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Kaizen principles in upKaizen

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Cristyn Narciso
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I found this course very informative and easy to understand. I am just getting started in working with supply chains/manufacturing and enjoyed this free course.
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Ankit Kumar
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Very basic but yet an effective course. An easy explanation of different processes of a Supply Chain. The mentor has explained everything through pictures and flow charts which made it easy to understand. He has also provided the slides used in the course for later reference. Good for anyone who is new to the Supply Cain. I really wish him to create a more detailed and advanced course.
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Thank you for a very clear, easy to follow and concise course. It was informative and definitely on point.
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One of the biggest names in manufacturing and production is Kaizen. This is the original lean method that Toyota developed to create change, and from its inception until today has grown, evolved and become the mainstay for all optimized and lean environments.

Kaizen is made up of two Japanese words that translate into “good change” or “improvement,” Over time Kaizen has come to mean “continuous improvement.”

At the core of Kaizen is one philosophy made of ten principles and these ten principles are:

  1. Let go of assumptions.
  2. Be proactive about solving problems.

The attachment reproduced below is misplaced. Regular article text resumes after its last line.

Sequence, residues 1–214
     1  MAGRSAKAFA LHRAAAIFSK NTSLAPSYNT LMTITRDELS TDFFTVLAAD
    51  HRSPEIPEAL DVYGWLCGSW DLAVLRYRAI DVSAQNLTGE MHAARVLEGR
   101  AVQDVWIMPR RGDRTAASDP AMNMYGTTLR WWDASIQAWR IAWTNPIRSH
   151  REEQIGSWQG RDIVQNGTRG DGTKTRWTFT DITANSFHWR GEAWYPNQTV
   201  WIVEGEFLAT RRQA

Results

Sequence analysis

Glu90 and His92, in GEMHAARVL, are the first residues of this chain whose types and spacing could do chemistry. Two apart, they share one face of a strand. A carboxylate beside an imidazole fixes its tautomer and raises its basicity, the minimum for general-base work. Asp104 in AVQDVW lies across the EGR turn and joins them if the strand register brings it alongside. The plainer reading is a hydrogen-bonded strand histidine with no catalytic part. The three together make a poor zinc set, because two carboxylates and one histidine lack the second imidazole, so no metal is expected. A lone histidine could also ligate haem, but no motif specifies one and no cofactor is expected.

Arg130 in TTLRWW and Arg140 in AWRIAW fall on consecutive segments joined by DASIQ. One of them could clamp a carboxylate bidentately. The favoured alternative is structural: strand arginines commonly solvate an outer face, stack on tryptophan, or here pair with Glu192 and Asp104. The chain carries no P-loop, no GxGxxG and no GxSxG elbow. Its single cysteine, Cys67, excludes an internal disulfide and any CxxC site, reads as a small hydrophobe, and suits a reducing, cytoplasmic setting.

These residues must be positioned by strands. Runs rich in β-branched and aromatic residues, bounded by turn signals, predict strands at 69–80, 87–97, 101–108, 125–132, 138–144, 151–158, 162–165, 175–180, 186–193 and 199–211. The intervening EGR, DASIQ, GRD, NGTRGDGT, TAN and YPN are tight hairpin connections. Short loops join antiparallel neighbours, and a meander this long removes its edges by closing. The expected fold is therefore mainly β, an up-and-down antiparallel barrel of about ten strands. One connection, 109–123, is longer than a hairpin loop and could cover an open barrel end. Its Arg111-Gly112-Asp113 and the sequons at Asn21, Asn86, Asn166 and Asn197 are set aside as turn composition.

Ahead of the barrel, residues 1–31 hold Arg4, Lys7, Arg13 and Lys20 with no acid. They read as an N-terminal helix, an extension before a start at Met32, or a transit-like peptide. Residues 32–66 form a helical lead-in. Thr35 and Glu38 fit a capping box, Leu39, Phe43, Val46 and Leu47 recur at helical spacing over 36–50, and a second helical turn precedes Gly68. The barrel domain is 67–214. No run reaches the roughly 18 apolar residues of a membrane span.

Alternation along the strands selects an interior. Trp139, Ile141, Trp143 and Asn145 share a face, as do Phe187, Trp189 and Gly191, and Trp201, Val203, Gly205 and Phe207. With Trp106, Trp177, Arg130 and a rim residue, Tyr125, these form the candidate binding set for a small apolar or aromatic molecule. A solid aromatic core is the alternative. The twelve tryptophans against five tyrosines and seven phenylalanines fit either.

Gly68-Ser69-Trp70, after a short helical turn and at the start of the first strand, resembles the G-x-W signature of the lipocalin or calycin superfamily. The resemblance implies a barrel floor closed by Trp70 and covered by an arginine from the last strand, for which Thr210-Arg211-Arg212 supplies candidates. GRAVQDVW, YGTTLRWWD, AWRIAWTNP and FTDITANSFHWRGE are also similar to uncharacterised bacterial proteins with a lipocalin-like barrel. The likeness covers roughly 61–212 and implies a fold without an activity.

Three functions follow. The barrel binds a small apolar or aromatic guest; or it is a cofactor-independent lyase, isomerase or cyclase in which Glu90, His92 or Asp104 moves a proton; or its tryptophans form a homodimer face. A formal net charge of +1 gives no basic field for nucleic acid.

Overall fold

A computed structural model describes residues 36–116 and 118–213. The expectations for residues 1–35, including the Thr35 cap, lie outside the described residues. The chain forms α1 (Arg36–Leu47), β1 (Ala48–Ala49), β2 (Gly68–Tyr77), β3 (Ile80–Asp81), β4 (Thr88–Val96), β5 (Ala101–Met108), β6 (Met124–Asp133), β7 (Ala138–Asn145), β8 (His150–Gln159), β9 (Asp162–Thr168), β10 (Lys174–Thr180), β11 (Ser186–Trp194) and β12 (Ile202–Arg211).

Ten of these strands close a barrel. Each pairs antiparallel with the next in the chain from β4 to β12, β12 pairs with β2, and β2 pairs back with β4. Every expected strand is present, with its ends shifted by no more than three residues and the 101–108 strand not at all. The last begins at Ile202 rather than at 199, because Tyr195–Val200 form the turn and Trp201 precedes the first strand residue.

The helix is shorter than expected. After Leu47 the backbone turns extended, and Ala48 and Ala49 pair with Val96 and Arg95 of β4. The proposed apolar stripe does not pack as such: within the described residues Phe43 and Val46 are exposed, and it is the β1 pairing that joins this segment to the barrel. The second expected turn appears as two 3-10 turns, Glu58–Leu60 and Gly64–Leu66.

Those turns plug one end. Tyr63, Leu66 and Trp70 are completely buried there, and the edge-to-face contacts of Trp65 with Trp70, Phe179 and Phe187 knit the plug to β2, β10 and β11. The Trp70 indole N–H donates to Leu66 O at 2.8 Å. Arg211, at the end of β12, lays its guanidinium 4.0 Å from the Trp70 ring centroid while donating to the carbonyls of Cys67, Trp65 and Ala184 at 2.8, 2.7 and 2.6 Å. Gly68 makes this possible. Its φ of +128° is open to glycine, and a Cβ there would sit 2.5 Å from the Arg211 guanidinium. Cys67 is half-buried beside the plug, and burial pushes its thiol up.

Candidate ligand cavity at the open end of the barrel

3. Don’t accept the status quo.
  4. Let go of perfectionism and adopt an iterative, adaptive change.
  5. Look for solutions as you find mistakes.
  6. Create a group and individual contribution empowered environment
  7. Don’t accept the obvious issue; instead, ask “why” five times to get to the root cause.
  8. Cull information and opinions from multiple people.
  9. Use creativity to find low-cost, small improvements.
  10. Never stop improving.

Note that the seventh principle leads to the 5S, which are the core of a visual lean process. The Kaizen 5S framework is a part of the entire system, and they focus on creating visual order, organization, cleanliness, and standardization. The 5S are:

  1. Seiri/Sort (organize); Separate necessary workplace items from unnecessary ones and remove unnecessary items.
  2. Seiton/Set in order (create orderliness); Arrange items to allow for easy access in the way that makes the most sense for work.
  3. Seiso/Shine (cleanliness); Keep the workspace clean and tidy.
  4. Seiketsu/Standardize (standardized cleaning); Systematize workplace cleanup best practices.
  5. Shitsuke/Sustain (discipline); Maintain a constant 5S process.

The upKaizen Method

upKaizen uses the Kaizen philosophy at its core, and we manage all our aspects of supply chain and production planning based on the Kaizen principles and the 5S approach. What we do is apply the Kaizen method in all our optimization services.